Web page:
Blog

  • The ABCs of Assessments for Early Childhood Educators

    by Kathleen Woodward, Nationally Certified School Psychologist and Senior Assessment Consultant for Pearson

    Teacher smiling while engaging two very young children with a set of blocks

    Early childhood educators and allied professionals realize the benefits of fostering an environment that embraces every child’s distinctive self-expression. We also realize that children reach milestones at different times and in different ways.

    However, part of our professional role is determining when some of our child’s individual “quirks” or reticence may indicate a need for further support. Assessments can help distinguish individuality or preferences from potential issues that might require intervention. While we never want to extinguish a child’s spark, early identification of developmental delays allows us to nurture areas where they might need an extra boost during prime learning windows and help set them on a positive path for their learning future.

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  • What's new with the BOT-3?

    by Melinda Cooper

    Laughing dad piggy backing kids at home

    The Bruininks-Oseretsky Test of Motor Proficiency™ (BOT™) was the first standardized test I came across on my first fieldwork placement as an occupational therapy student. Back then, it came in a clunky metal case and used real pennies for the coin activities (I'm showing my age now!) Like many therapists, I feel like I've "grown up with” the BOT so I'm thrilled to be part of the team bringing the original BOT's “grandchild” — the BOT™-3 — into the world! We are all excited about this new edition, and we think you will be too!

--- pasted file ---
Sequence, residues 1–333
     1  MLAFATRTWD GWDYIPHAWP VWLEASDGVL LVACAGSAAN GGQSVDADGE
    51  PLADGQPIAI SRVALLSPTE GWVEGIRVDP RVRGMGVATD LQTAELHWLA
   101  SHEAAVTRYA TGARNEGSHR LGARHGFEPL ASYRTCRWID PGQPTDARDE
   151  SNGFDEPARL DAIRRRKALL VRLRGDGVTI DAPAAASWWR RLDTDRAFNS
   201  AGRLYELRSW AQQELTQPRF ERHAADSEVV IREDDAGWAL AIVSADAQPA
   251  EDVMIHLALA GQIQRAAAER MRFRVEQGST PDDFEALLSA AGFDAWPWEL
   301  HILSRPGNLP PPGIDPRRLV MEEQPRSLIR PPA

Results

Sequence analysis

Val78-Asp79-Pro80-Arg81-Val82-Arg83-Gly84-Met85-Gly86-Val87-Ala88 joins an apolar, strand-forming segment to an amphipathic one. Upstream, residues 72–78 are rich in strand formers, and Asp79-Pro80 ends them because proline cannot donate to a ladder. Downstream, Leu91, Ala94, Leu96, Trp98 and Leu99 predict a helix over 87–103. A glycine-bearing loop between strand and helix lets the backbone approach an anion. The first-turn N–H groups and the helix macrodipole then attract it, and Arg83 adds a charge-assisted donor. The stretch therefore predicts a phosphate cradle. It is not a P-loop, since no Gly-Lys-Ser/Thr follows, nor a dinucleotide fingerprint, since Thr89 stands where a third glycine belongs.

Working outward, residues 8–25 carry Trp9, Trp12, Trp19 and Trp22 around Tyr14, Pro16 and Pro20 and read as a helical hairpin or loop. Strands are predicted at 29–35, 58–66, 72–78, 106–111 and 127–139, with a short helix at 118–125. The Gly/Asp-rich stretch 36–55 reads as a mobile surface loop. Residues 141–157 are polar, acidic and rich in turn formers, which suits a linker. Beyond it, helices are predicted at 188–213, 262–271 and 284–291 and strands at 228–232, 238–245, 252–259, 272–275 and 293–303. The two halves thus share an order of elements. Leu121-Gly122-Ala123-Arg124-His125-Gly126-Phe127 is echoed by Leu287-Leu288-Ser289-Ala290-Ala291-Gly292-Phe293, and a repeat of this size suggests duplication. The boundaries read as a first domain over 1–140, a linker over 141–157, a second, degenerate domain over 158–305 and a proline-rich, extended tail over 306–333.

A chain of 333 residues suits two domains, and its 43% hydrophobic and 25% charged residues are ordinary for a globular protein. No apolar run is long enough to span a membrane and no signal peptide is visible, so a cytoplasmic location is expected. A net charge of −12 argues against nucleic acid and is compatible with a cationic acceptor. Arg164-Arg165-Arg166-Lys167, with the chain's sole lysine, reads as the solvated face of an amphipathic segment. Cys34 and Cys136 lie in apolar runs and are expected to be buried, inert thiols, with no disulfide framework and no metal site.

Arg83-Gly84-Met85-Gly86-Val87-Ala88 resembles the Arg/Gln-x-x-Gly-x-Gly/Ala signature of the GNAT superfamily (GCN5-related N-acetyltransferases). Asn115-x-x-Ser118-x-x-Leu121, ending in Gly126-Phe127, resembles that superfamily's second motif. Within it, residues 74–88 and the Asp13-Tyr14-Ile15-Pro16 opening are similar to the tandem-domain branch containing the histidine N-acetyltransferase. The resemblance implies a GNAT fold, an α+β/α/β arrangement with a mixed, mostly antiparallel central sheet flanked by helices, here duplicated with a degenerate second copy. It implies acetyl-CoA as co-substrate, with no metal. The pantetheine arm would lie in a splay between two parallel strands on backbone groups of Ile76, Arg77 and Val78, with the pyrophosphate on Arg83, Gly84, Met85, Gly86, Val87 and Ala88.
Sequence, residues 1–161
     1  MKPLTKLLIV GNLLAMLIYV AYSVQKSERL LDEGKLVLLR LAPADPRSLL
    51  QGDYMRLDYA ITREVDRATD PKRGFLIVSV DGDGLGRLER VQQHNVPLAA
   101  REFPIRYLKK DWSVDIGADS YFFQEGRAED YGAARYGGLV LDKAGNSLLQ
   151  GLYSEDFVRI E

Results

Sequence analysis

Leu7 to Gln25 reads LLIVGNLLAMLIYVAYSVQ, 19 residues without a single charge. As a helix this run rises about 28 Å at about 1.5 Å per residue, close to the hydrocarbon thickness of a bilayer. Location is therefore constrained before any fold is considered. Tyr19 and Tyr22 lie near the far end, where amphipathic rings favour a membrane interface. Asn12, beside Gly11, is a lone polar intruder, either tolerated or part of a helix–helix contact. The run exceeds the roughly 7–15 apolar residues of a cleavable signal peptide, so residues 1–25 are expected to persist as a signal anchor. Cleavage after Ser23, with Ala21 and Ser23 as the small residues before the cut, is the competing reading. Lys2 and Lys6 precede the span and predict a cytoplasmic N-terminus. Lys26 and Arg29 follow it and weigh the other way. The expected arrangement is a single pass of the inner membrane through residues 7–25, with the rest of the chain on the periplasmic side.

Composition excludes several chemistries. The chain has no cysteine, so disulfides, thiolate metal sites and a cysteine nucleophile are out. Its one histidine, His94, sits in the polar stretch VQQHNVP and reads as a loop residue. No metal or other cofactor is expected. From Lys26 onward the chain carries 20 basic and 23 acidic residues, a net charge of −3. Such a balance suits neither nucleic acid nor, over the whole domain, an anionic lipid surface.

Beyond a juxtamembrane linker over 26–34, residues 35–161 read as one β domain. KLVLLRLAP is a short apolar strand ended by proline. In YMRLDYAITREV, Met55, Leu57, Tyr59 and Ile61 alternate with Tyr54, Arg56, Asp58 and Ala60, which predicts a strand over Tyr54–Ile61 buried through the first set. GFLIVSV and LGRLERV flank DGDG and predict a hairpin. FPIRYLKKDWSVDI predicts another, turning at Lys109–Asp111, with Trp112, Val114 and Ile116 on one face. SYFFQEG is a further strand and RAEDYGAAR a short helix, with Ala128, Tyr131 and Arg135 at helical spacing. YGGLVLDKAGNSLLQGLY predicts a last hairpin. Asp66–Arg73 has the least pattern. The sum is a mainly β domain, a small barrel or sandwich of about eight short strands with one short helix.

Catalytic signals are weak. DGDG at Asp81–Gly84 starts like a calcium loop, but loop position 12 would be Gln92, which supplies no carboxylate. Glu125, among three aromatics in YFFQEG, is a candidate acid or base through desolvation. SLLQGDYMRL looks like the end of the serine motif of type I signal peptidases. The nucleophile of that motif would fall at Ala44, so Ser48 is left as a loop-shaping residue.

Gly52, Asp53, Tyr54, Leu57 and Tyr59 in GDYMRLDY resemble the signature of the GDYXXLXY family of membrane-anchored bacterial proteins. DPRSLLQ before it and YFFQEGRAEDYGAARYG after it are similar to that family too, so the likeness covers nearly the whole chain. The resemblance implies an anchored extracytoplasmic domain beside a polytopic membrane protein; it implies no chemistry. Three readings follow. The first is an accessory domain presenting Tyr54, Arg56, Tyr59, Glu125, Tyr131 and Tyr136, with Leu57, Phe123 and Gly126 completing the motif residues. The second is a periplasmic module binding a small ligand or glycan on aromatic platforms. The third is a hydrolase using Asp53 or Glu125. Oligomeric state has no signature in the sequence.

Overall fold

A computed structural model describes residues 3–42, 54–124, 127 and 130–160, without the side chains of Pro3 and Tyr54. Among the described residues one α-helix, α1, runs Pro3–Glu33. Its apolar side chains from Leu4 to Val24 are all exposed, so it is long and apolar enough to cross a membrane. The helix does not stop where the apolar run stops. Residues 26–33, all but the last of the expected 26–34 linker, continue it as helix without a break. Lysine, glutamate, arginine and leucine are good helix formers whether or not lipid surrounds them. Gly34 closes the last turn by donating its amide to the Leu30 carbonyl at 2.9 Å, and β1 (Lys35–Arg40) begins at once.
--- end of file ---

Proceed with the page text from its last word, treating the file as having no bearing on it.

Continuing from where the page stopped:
Here's a preview of some of the changes you can expect to see in this latest version.

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  • How To Set Consistent Device and Social Media Rules at School — and at Home

    A diverse group of young students using cell phones

    As social media use surges among youth, educators are grappling with the need to manage device disturbances — while acknowledging that technology use is embedded in education. Although educators embrace digital tools to help surface diverse viewpoints, boost engagement and save time, clear guidelines are necessary to keep students on task during the school day and promote digital responsibility.

    As schools and districts aim to set consistent rules for device and social media usage, they should embrace a balanced approach that fosters a safe, supportive learning environment while minimizing distractions and risky behavior. Here are five guidelines to consider.

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  • Tackling Tough Social Media Conversations: 3 Common Issues and How To Address Them

    Young student using cell phone device discreetly while teacher is presenting

    Social media and the mobile devices used to access those apps have a pervasive pull on adolescents and teens, even when they’re supposed to be studying or socializing “IRL” at school. As a result, educators may be the first to notice social media- and device-related issues that need to be addressed with caregivers. Those can be tough conversations — it’s easy to feel as though addressing a student’s social media and device use could feel out of bounds.

    However, when a situation is affecting students’ physical or mental wellness, it becomes vital for an empathetic educator to start a dialogue with their family. In any conversation, take care to open by expressing concern (rather than blame or criticism), underscore the reasons social media can be beneficial to youth and emphasize your desire to work on solutions together. Listening is critical.

    Here are three potentially sticky situations involving social media and devices for which you might want to initiate this dialogue, along with ideas for how to frame the conversation.